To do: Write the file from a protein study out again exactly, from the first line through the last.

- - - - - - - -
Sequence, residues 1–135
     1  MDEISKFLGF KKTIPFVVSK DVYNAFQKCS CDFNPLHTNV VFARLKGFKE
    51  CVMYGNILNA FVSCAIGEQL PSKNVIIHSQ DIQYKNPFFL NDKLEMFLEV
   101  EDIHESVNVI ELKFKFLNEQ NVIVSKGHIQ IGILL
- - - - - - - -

Sequence, residues 1–135
     1  MDEISKFLGF KKTIPFVVSK DVYNAFQKCS CDFNPLHTNV VFARLKGFKE
    51  CVMYGNILNA FVSCAIGEQL PSKNVIIHSQ DIQYKNPFFL NDKLEMFLEV
   101  EDIHESVNVI ELKFKFLNEQ NVIVSKGHIQ IGILL